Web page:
The PMBOK® Guide contains globally recognized standard used to manage individual projects to successfully achieve organizational results on consistent basis. It describes ‘project management’ in terms of 47 Project Management Processes considered to be good practice. Project Management Process Groups, as the name suggests, is one way of logically grouping these processes.
These processes are considered building blocks of project management framework presented by the PMBOK® Guide’s. They are categorized in five Project Management Process Groups: Initiating, Planning, Executing, Monitoring & Controlling, and Closing.
The categorization is fundamentally based on nature of work involved across basic flow of a project or a phase of project from start to end in organized manner.
What do we mean by Project Management Process Groups?
The term is defined by the PMBOKGuide as follows:
A logical grouping of project management inputs, tools, and techniques, and outputs. The Project Management Process Groups include initiating processes, planning processes, executing processes, monitoring and controlling processes, and closing processes. Project Management Process Groups are not project phases.
Project Management Institute, A Guide to the Project Management Body of Knowledge – Fifth Edition, Project Management Institute Inc., 2013, Page 554.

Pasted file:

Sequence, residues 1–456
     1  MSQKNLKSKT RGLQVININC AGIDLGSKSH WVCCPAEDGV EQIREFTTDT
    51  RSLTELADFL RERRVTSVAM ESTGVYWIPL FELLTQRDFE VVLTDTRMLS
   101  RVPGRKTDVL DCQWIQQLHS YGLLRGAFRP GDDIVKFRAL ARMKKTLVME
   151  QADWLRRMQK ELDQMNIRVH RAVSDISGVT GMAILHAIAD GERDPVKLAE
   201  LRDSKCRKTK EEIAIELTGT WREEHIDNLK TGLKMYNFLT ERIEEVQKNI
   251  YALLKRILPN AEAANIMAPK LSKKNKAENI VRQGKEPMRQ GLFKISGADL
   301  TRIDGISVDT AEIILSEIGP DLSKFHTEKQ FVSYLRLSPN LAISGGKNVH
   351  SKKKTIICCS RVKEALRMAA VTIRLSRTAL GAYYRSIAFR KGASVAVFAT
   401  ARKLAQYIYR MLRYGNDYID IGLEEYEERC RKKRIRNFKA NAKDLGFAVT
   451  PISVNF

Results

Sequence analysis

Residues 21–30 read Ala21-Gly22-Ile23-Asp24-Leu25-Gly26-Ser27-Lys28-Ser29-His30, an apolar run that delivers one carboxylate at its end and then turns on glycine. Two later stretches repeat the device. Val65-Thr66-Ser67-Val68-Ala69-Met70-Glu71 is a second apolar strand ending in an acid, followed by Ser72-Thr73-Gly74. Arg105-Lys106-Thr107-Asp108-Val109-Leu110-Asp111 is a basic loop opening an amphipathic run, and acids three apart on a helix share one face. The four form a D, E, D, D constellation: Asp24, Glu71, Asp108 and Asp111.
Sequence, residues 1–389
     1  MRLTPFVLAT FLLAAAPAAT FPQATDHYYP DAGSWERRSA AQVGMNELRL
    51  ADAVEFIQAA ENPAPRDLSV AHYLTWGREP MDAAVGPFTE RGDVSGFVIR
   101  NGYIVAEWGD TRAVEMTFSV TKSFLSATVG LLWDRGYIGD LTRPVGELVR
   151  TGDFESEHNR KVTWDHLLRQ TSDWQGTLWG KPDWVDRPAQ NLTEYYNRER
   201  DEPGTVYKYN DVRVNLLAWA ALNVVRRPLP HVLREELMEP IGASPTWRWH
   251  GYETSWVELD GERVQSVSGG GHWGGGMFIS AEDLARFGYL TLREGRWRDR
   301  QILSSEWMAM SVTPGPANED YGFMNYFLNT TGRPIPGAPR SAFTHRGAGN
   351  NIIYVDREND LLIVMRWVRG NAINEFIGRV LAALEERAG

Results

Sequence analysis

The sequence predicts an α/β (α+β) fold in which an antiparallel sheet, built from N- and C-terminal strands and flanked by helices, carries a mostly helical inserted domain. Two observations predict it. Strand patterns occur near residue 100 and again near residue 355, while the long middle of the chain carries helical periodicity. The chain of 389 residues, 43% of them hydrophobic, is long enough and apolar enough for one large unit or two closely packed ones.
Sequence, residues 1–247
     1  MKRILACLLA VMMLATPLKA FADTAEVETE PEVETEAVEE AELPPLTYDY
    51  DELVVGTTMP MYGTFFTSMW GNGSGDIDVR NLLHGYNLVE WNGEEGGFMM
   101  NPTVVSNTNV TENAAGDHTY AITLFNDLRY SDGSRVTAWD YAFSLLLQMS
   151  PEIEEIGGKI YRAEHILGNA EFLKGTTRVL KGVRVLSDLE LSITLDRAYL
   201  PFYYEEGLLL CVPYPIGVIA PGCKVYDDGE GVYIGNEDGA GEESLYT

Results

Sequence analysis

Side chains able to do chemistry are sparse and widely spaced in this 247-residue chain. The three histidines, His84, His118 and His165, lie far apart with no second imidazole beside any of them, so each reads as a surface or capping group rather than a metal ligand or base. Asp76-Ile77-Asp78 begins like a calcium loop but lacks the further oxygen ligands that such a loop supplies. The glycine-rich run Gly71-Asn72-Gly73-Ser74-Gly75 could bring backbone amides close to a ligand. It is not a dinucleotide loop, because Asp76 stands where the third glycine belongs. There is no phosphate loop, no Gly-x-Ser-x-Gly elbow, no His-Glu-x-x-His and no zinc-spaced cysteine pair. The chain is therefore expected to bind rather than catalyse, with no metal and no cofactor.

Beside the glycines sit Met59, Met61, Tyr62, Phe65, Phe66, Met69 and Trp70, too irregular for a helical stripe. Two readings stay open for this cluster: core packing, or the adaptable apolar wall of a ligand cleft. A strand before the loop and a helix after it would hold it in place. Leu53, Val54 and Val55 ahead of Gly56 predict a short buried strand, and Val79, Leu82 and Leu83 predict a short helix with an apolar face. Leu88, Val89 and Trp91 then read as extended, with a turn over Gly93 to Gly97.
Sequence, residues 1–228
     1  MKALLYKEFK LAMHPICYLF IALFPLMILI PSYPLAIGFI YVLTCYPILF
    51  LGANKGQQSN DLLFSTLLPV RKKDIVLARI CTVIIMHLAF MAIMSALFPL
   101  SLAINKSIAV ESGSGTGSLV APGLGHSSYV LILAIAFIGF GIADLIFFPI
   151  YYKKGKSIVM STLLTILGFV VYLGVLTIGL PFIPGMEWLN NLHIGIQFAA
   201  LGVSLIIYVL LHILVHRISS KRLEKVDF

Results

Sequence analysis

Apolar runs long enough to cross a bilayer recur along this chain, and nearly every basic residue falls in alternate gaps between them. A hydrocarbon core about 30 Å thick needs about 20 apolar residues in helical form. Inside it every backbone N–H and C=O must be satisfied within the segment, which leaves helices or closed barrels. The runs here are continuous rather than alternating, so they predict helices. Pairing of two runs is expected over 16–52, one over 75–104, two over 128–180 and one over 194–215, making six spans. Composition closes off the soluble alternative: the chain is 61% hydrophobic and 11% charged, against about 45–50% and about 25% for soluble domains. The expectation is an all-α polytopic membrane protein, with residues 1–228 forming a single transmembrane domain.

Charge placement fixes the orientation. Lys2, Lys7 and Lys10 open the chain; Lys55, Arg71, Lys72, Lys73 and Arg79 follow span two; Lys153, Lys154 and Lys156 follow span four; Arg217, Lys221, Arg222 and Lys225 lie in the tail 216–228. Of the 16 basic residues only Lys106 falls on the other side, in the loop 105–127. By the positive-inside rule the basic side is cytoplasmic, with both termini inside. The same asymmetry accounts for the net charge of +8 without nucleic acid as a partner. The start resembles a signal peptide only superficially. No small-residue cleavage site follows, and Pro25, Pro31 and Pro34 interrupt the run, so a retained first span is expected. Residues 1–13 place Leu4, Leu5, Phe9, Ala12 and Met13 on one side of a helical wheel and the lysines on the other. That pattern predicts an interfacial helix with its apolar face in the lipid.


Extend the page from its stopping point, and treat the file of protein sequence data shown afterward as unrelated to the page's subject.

The definition highlights three important points.
First, the process groups are in fact logical groupings of Project Management Processes (inputs, tools, techniques, and outputs mentioned in the definition are basically characteristics of a process). Here you might have a question: what forms the basis of this ‘logic’?
Second, there are five Project Management Process Groups: Initiating Process Group, Planning Process Group, Executing Process Group, Monitoring and Controlling Process Group, and Closing Process Group. Can you sense a basic flow from initiating to closing?
Third, Project Management Process Groups are NOT project phases. What do we mean by this?
Let’s discuss each of these points or elements in detail.
What do we mean by Project Management Processes?
In project management, a process is fundamentally a group of interrelated actions or activities meant to create something (commonly reffered to as a deliverable). You are right, just like the process of making a cup of tea!
Every process is characterized by:
- Inputs: These are things you need to have to carry out the process. (What do we need to have to be able to carry out the process of making a cup of tea?)
- Outputs: These are deliverable(s) you intend to create with the process. (Right! The desired output in our case is the tea.)